Translator of the Day
Today in our Translator Profile series we’ll be talking to Jorim De Clercq – as you know we’ll be asking the same questions that we asked Gabriele yesterday, but getting his very different responses. Like me, Jorim worked in another, non-translation related industry and toiled away as a translator on the side. Many translators work like this at the beginning and it can be a brilliant way of gaining expertise that proves extremely helpful when it comes to deciding on a translation specialism later on in your career.
Q1: How did you get into translation?
I remember when I was little, I used to spend my time engrossed in the dictionary learning new words. From that moment I knew that I wanted to do something with languages.
Unfortunately, I ended up studying mechanics rather than languages. But later, while I was working as an industrial designer and studying English and Spanish on the side, my boss would ask me to translate industrial texts into Spanish and English. When I moved to Ecuador and married my lovely wife, I was even busier with languages. In the beginning, I taught English, but I soon discovered that I liked translating more. So I decided I wanted to be a translator.
Q2: What languages do you work in?
Q3: What has been your favourite project ever?
As I like cooking, my favourite project was translating dessert recipes. When I finished the project, I wanted to try out the recipes myself.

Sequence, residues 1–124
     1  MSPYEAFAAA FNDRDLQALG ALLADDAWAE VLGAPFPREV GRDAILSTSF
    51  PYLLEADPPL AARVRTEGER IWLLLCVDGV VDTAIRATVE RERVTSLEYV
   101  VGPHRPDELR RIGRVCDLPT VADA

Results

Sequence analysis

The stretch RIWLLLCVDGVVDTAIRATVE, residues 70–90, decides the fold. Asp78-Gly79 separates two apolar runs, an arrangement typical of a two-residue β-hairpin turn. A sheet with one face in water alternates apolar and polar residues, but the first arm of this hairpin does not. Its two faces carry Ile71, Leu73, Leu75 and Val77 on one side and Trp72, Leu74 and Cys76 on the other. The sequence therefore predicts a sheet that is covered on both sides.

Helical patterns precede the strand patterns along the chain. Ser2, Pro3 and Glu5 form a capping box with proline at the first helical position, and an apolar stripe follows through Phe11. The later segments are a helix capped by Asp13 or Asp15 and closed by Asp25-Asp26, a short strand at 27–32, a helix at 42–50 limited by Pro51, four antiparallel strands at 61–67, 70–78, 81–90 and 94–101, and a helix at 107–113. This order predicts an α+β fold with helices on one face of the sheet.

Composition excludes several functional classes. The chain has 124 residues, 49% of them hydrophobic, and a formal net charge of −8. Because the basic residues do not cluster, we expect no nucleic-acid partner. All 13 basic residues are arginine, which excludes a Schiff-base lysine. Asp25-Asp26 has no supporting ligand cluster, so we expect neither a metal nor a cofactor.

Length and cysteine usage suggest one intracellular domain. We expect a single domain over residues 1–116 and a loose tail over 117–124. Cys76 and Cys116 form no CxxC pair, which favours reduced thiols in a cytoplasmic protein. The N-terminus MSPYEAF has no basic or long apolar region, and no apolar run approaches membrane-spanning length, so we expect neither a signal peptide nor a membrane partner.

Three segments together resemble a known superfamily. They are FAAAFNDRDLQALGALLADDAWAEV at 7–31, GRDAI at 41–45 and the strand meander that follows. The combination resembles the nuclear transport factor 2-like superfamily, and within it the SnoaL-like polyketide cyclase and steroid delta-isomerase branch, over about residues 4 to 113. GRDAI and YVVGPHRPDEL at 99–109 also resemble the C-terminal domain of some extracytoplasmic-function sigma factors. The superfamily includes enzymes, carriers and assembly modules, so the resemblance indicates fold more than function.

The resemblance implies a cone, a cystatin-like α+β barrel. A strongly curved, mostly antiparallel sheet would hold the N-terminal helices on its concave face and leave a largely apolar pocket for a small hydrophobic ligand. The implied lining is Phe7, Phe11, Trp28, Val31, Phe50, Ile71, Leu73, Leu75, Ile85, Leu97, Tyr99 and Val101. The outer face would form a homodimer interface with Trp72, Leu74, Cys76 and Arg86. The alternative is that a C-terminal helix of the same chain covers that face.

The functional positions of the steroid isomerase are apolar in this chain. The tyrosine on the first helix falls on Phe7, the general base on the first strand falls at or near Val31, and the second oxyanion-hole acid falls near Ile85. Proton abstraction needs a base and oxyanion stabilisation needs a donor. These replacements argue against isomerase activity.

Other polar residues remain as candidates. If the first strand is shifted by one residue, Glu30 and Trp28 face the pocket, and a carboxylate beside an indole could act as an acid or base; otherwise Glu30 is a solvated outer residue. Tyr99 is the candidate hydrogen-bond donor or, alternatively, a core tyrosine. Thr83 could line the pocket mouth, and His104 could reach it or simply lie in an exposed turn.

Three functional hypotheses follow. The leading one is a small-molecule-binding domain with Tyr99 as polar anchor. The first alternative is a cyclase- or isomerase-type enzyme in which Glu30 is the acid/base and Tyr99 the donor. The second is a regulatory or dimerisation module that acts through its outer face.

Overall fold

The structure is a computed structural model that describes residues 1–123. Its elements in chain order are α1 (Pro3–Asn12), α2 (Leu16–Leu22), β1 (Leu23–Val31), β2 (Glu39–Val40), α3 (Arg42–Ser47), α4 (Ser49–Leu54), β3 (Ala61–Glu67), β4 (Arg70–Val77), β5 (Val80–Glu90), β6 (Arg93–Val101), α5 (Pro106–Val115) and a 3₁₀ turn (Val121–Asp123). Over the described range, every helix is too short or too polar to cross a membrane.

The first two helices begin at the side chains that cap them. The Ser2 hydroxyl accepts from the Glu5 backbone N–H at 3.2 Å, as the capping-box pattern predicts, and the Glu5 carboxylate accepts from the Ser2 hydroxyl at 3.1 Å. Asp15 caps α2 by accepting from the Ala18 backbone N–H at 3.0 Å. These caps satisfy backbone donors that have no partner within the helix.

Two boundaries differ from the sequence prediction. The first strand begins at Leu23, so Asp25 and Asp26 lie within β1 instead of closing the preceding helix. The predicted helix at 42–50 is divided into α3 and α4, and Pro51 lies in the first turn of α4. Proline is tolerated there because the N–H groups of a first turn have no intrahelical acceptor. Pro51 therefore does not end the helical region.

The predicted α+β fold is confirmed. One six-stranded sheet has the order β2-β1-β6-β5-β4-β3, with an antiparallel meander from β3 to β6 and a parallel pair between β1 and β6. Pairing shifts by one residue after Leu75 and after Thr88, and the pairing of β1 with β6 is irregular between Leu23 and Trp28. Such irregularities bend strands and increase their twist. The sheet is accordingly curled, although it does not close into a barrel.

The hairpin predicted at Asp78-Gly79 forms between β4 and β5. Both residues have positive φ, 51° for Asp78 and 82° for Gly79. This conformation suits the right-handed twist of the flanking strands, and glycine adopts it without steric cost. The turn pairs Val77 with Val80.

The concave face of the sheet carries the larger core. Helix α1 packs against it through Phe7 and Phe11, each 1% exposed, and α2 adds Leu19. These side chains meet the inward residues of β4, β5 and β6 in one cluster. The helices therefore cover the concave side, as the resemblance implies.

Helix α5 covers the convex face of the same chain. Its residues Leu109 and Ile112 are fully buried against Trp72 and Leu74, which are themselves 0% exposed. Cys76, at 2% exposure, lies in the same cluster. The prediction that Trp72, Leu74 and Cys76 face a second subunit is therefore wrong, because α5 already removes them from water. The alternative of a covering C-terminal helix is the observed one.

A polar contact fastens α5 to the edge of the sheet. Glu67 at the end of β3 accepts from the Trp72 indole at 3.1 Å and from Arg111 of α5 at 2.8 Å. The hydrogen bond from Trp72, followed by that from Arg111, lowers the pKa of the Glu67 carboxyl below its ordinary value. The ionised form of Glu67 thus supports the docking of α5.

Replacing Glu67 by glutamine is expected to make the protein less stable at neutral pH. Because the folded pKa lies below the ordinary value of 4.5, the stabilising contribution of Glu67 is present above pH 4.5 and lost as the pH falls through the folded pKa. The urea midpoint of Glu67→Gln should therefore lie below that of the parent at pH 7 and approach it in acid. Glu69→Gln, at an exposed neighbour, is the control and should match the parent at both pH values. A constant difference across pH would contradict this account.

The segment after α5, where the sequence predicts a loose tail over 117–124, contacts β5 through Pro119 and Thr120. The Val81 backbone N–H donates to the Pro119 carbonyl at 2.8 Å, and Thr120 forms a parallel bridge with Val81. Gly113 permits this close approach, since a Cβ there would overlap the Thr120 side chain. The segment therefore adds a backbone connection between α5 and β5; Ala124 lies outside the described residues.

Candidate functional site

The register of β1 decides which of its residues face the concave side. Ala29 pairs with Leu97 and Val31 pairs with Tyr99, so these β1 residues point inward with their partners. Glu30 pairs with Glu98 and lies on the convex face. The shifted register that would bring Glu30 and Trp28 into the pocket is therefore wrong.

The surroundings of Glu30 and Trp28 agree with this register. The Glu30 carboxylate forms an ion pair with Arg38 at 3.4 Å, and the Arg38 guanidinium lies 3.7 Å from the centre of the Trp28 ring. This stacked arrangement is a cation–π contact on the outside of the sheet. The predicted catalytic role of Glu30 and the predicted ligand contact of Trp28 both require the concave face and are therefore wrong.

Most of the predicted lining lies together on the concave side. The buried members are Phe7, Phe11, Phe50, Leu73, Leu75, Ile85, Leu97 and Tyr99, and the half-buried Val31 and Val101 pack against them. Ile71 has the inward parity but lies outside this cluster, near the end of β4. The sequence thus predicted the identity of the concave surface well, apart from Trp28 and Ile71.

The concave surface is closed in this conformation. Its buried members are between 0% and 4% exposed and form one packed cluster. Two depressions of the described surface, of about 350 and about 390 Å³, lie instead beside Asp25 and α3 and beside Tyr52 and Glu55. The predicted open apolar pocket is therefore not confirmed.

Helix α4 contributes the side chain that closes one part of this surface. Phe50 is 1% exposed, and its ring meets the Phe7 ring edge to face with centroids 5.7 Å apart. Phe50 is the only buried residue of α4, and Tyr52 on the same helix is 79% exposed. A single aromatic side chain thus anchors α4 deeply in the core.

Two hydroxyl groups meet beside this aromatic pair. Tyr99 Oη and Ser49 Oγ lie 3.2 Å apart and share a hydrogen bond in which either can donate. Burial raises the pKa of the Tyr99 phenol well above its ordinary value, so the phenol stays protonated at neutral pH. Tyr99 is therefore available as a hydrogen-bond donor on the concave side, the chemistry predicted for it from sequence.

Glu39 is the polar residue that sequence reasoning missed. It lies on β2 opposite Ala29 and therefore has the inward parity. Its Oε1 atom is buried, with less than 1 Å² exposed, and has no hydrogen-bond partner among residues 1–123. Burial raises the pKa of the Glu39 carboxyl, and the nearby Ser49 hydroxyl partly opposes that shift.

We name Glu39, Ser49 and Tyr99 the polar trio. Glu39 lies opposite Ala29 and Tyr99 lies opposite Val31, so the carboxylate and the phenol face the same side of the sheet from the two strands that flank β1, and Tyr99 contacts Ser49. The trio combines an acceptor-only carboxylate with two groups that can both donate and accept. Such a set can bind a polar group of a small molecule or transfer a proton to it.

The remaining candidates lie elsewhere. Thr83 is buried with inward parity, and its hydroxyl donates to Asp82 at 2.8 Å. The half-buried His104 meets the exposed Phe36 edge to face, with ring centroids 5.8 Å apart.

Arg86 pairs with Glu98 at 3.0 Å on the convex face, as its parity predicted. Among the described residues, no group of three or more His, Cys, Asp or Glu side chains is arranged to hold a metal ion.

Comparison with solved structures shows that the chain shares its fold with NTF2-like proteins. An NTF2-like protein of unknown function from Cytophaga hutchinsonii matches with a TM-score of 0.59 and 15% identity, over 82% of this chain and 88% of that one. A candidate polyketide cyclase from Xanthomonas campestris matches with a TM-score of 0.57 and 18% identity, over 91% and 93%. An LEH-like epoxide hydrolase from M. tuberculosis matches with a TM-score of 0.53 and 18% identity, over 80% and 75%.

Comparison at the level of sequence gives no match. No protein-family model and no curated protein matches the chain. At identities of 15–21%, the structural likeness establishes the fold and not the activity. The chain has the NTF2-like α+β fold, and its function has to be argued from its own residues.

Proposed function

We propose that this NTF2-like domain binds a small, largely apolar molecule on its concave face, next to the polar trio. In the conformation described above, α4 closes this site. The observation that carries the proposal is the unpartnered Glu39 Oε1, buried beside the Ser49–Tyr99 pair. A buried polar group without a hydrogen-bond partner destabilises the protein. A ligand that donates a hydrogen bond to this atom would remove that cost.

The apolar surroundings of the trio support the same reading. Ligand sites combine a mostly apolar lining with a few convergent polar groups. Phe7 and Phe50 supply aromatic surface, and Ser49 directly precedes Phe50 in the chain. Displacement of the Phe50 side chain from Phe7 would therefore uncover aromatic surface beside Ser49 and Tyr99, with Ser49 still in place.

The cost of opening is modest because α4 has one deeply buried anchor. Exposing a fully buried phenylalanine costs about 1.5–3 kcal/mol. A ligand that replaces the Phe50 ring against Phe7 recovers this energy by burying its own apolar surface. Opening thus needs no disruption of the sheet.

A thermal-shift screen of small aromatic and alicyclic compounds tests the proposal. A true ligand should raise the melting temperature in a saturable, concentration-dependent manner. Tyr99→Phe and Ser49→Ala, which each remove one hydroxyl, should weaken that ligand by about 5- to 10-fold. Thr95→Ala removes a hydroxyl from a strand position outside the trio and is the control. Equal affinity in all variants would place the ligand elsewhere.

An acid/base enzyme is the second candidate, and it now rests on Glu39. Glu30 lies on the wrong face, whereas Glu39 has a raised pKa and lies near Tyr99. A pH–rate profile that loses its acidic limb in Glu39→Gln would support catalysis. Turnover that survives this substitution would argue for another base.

Q4: Why do you like translation?
I like to be busy with languages and I like investigating terms and words I don´t know.
Q5: If you could translate anything in the world (past or present), what would it be?
Oh yes, an easy one… I have one particular favourite cookery website. It contains a huge collection of recipes, and as I always use this website when I cook, it would be great to translate all the recipes available on it.
Q6: Do you think translation is an art or a science?
It depends. Sometimes it´s an art, especially when a text requires that you improvise.
Sometimes it´s more science, especially when you have to do a lot of research.
Q7: Do you work with Computer Assisted Translation (CAT) tools? If yes, why? If no, why?
Yes, because they are very helpful. I like the quality control capabilities of these tools.
Q8: What makes a good project manager?
First, a good project manager has to love his work. He has to understand the translators’ needs. Secondly, he also has to be a good communicator. Before assigning a translation task, he has to give clear instructions. Translators enjoy working with this kind of project manager.
Q9: Where do you live?
I live in the capital of Ecuador, Quito.
Q10: What do you do when you’re not translating?
In my free time, I like to watch a good movie with my wife. We like to go shopping and we love to travel.
Jorim’s contact details:
ProZ profile: http://www.proz.com/profile/1543469